The regional capital city and its close surroundings show a striking difference with respect to Southern Transdanubia in general, which is most probably reflected in the STW transition patterns as well. The city is well above the Hungarian average in terms of school attainment: 54% of the city population obtained university degree or grammar-school diploma, as opposed to approx. 35% of the region and 43% of country-wide average (KSH 2011). As for employment figures in the county, where the fieldwork is carried out, those are well-below the average. High number of contracts are mainly due to public employment, particularly among the elderly, and to other active labour market policy schemes. In parallel, unemployment rate is higher than average. As mentioned before, the active population engaged in public employment and unemployment tend to be poorly trained, while the work offers target mostly those with vocational and technical training. In the chosen region, outside the capital city, more than half of the active population under 25 years of age are registered unemployed through the Public Employment offices.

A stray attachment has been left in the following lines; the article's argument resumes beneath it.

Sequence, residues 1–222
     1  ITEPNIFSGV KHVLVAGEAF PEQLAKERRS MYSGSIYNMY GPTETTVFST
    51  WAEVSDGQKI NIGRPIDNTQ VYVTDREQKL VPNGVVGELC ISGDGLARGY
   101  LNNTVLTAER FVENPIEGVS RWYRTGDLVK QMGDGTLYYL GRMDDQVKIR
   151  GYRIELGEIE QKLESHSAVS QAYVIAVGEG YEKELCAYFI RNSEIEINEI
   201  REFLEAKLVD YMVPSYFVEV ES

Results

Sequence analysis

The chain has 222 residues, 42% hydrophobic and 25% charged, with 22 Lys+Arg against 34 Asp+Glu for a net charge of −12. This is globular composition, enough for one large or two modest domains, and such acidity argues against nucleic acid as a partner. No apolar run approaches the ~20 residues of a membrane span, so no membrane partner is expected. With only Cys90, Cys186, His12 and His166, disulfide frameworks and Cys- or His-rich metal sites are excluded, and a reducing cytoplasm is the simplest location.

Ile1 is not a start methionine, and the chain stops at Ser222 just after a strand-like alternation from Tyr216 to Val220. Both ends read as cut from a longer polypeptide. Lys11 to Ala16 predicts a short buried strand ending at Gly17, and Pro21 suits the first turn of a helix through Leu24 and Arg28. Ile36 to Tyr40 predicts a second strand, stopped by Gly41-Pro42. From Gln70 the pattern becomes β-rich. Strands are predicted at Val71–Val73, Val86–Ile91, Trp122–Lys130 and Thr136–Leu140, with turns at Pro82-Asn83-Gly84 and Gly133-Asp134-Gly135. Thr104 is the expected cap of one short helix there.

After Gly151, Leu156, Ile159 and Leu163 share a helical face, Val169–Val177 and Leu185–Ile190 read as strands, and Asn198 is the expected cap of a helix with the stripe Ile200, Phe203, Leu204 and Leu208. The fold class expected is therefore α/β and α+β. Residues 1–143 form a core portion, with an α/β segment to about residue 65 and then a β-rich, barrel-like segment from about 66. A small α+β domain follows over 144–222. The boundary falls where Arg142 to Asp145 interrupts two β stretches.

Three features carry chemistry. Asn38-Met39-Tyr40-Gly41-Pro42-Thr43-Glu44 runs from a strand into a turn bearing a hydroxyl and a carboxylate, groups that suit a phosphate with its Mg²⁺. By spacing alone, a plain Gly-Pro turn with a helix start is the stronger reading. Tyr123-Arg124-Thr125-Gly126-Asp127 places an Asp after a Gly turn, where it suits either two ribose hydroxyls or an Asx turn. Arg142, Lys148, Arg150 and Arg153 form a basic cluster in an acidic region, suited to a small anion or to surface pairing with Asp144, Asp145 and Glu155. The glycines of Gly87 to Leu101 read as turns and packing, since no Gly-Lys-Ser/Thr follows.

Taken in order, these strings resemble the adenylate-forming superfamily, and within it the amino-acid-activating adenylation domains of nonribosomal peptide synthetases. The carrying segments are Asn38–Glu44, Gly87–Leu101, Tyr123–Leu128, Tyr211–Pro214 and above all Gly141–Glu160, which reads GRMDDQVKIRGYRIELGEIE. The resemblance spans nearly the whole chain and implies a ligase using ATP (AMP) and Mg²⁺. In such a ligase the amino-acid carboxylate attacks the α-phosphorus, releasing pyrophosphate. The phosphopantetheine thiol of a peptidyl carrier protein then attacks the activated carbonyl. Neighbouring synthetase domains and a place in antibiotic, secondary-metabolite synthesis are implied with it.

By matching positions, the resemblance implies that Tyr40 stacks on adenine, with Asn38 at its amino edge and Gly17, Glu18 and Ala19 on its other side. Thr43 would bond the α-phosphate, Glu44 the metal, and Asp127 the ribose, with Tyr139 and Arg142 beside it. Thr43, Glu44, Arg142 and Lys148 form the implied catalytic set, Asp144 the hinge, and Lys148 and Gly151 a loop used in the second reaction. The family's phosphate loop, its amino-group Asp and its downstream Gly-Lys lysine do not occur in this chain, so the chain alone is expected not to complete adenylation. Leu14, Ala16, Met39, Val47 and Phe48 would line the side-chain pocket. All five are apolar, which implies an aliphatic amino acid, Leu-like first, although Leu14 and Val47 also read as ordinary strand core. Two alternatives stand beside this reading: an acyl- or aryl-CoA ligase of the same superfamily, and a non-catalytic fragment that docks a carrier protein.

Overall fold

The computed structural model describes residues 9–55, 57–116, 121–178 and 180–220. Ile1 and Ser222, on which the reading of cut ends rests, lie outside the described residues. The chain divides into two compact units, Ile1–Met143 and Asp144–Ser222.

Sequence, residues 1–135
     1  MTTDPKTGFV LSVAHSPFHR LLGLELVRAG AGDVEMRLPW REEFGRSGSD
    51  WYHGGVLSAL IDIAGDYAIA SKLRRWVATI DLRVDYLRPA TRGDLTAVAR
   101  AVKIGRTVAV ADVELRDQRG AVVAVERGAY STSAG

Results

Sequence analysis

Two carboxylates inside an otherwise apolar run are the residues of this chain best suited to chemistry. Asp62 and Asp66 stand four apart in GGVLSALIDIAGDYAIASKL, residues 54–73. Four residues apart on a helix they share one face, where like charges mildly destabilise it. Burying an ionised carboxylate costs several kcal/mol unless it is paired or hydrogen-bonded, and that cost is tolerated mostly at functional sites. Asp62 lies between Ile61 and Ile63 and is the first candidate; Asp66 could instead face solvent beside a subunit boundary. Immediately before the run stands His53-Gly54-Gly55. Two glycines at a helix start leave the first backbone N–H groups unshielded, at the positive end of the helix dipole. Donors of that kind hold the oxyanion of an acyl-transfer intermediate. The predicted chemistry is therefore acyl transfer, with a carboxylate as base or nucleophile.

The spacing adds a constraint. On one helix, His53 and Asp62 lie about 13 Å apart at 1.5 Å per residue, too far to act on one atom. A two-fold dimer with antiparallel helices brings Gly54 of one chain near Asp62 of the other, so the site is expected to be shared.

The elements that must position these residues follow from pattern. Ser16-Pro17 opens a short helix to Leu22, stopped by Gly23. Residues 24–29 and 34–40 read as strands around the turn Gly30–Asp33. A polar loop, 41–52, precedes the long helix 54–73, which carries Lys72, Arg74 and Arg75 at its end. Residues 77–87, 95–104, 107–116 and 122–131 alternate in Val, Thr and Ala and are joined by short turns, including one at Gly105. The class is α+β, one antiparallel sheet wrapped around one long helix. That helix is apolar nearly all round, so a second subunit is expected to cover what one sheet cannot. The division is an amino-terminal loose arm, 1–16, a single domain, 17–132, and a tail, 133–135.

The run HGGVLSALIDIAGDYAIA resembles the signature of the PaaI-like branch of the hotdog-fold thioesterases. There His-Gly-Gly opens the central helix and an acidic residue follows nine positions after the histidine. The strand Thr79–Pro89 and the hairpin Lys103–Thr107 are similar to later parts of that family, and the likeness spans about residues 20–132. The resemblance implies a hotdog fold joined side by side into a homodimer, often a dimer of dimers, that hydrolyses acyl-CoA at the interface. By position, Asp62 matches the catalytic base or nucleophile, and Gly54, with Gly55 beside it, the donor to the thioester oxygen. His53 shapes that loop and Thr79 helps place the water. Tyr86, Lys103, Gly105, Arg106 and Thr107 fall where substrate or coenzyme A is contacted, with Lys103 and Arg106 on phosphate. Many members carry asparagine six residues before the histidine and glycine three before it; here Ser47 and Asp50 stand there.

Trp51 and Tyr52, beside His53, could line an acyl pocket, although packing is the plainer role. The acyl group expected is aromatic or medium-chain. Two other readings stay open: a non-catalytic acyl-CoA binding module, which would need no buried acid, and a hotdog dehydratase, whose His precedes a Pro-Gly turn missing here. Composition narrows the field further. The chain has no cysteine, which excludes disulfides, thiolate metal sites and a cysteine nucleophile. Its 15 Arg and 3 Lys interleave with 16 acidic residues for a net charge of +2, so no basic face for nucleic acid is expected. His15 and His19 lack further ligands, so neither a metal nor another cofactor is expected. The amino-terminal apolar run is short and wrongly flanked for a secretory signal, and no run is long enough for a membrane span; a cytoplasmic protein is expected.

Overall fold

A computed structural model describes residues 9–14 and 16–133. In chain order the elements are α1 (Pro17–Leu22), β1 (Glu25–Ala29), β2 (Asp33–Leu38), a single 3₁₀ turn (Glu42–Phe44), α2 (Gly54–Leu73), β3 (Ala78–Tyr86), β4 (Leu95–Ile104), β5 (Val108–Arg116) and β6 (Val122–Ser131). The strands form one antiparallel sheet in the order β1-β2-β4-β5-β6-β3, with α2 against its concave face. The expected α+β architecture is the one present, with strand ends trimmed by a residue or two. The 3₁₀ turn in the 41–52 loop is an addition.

In addition to historical underinvestment in Southern Transdanubia, and particularly in Baranya county, the population migration rate tends to be negative, which further widens the gap with respect to other Hungarian regions. Better educated, younger and employable population leaves the county for more affluent regions or for other European countries.